Horus was most often depicted as either a falcon or a human with the head of a falcon. These depictions could be in the form of statues, engravings or paintings. Horus’s right eye symbolized the sun or morning star and was therefore associated with the sun god Ra, while his left eye symbolized the moon.

There are a number of examples of him being portrayed as a falcon, such as this statue at the Temple of Horus at Edfu. Here, the falcon is wearing a double crown called a pschent.

Statue of Horus

When he was portrayed as a human with a falcon head, he was often wearing clothing similar to that of the pharaohs. Sometimes he was pictured wearing the pschent. In other instances he was depicted wearing a Nemes headdress, like the one on the statue in the picture below. Horus is also often shown wearing a broad collar called a wesekh.

Horus Statue with Nemes Headress


The many aspects of Horus make him a complicated deity with an intricate mythology, passed on in a multitude of ancient texts such as the early Pyramid Texts. In the myth of Osiris, Horus is the son of Osiris and Isis as well as the mythical heir to Egypt’s kingship. During this time, the living king was seen as a manifestation of Horus in life and of Osiris in death.

Horus is the brother of the god Anubis.

Horus the Elder battled his uncle Set (brother of Osiris) for 80 years after Set murdered Osiris. Set wanted the Egyptian throne for himself but was eventually defeated by Horus. According to myth, Horus’ left eye was damaged in one of the battles, explaining the different phases of the moon. The eye was, however, restored by the god Thoth.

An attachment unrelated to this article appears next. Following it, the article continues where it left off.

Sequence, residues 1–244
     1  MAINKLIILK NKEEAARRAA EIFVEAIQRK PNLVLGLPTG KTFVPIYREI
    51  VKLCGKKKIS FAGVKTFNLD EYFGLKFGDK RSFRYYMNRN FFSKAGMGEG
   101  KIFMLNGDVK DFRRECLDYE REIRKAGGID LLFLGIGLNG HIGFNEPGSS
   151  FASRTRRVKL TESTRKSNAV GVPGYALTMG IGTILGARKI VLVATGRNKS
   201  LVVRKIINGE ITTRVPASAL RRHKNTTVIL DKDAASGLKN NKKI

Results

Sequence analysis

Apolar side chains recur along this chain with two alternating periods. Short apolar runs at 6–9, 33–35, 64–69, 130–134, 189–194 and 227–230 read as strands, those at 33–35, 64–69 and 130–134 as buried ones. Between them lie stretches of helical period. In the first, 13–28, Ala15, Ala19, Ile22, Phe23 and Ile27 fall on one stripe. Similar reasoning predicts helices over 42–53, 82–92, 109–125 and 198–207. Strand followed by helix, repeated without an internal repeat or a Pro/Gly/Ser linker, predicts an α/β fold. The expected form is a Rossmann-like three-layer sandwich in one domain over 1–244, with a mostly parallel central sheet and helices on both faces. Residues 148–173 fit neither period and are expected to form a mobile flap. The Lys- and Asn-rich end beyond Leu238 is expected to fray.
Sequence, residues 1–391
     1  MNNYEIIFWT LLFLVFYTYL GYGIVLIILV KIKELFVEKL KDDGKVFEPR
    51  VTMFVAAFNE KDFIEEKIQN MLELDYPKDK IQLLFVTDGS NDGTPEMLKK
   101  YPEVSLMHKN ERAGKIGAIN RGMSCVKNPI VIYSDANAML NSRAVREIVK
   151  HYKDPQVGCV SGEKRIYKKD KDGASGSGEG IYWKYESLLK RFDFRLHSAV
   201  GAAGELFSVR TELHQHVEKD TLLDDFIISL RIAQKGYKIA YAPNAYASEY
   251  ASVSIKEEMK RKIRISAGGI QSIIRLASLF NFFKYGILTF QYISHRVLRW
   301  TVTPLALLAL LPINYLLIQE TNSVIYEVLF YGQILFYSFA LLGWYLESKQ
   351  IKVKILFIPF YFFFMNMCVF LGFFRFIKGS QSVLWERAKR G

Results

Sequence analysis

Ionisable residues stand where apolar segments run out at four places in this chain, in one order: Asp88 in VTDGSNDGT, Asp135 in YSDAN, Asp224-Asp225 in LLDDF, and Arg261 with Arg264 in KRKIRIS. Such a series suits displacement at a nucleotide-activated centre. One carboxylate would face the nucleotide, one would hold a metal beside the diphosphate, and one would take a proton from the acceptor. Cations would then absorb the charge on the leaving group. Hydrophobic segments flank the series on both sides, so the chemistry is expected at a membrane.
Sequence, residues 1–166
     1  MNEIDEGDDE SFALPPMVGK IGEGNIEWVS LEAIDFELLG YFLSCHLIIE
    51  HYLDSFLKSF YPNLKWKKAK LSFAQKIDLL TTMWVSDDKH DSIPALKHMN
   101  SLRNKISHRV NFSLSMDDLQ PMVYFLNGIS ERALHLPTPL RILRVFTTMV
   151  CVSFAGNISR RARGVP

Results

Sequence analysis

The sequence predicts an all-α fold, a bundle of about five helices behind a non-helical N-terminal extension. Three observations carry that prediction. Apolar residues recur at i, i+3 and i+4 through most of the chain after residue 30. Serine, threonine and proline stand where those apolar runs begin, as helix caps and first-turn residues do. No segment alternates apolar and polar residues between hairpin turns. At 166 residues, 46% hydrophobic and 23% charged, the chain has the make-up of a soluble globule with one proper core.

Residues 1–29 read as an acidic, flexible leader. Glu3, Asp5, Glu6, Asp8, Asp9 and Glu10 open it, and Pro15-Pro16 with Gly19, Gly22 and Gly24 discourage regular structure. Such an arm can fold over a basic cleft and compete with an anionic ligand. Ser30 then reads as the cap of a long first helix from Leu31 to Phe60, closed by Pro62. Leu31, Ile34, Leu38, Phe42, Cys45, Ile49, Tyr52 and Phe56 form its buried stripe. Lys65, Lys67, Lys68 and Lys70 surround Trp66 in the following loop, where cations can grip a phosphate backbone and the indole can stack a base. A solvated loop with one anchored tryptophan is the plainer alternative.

The falcon, along with the Eye of Horus, are the two main symbols affiliated with the god.

The Eye of Horus is a symbol of protection and power, and is personified in the goddess Wadjet, another early Egyptian deity. It appeared in funerary amulets, protecting pharaohs in the afterlife. Seven such bracelets were found on the mummy of Shoshen II.

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As creator and god of the sky, Horus was known as the protector of the pharaoh.

Horus was also believed to be a god of war and hunting. The prehistoric Hunters Palette or Lion Hunt Palette, an ancient Egyptian cosmetic palette showing a lion hunt, includes images of a falcon-headed man believed to be Horus.